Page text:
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    Getting used to see waste in service activities.

    What is waste ? an activity the customer is not willing to pay.

    The 7 basic “wastes” of the industrial environment are well known and identifiable. But can the same categories be used for waste in services or administrative activities?

    The 7 basic “wastes”

    1 – Overproduction

    Overproduction consists in producing in larger quantities than required by customers ‘demand, and not just what is needed: any redundant work or performed too far upstream of the customer’s needs, such as copies of reports sent automatically, multiple forms for the same information, double data entry, etc..

    2 – Waiting

    Waiting for information, decisions, validation, without considering waiting at the end of a meeting, waiting before printing…

    Poor time management can let us process what is urgent before what is important, generating waiting for a file to be processed, and lead time increase. A sub-form of this are interruptions, or interferences: a colleague visit or immediate request, frequent emails consultation, responding to unexpected and sudden events, or simply being disturbed by a noise that cannot be ignored. Moreover, everyone knows that interruptions create a lot of time waste for the time to get focus again on the task you were doing can be long.

    3 – Transportation and file transfer

    Everything that requires unnecessary people movement or product transportation between two process steps and that does not add value. Processing or transferring a file sequentially, via e-mail, from one department to another is one of the most important time wastes in administrative activities.

    4 – Overquality

    All activities which consist in serving the customer (internal – external) above his expectations. They do not give value to the product or service and require employees ‘time. They often result from a poorly defined standard, overzealousness, or misidentified client expectation.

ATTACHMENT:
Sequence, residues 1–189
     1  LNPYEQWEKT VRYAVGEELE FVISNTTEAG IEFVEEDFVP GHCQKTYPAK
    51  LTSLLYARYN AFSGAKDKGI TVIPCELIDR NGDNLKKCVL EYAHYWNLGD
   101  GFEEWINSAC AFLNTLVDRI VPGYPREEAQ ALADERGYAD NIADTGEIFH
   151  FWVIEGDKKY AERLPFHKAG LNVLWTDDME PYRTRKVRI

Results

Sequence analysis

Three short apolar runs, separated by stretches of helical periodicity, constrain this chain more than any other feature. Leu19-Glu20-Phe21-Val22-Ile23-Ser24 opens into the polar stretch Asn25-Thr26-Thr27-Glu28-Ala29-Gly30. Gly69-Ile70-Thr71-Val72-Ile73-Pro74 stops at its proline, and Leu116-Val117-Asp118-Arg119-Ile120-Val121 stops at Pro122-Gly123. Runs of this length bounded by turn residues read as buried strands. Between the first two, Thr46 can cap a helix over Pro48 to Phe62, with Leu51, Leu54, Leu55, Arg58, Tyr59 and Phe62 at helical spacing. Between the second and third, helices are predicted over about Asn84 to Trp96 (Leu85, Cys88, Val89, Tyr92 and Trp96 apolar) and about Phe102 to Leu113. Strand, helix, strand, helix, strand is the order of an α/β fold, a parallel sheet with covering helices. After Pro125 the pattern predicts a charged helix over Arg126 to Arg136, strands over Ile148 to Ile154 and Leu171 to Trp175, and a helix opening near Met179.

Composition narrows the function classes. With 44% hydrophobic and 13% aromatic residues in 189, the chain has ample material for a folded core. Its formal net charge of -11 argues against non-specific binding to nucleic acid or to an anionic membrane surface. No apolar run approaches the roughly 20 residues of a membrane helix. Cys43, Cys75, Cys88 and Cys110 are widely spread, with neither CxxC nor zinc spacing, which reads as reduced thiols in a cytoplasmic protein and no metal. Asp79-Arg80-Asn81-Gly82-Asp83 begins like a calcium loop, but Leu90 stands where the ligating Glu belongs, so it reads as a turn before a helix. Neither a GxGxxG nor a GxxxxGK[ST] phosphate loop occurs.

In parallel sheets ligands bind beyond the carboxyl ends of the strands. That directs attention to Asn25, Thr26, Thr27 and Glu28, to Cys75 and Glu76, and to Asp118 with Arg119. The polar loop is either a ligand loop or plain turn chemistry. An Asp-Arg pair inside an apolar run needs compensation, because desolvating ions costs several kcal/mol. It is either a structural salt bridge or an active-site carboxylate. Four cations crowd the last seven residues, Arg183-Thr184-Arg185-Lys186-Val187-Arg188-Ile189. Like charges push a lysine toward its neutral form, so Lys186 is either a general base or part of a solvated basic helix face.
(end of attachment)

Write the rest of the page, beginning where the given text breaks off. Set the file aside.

Examples: Sending to the client extra technical documents to complete a transaction if they are not requested, check a calculation already made by another service, redo a request from a supplier, etc.

    5 – Inventory

    Inventory of products, material and consumables (toners, pencils, etc.) which exceed actual demand/requirement.

    6 – Unnecessary motion

    All the unnecessary gestures and movements that employees make during their daily activities: opening several software screens to complete a transaction, looking for misplaced files, etc. Searching for information, whether it’s a physical file or a misclassified file on one’s computer, is a major waste.

    7 – Rework and defects

    Everything which is not Right First Time: errors and corrections lead to rework, generate incorrect invoices, badly filled forms … Rework goes against the principle of “doing well first time”, and it is a major cause of Failure Demand in every department.

    It can be caused by the process, by poor information on customers’ needs, lack of standards or procedures, or a lack of coordination between services. It results in the need to get additional resources to avoid disrupting the normal course of business.

    Organizational requirements or internal instructions can often also reduce the efficiency of administrative services: providing information for calculations or statistics, reports to write, or meetings to attend that do not help to serve clients.

    As you can see, all the wastes usually presented in the industrial environment can be applied in one way or another to office and service processes. However, it should not be limited to these. Real opportunities may also exist elsewhere than in this first level of waste, for example in the way processes are structured today.

    The management role is to give to his team a new vision of efficiency and of what is expected by the customer, to be able to identify process wastes and inefficiencies, and to reduce them by effective teamwork .

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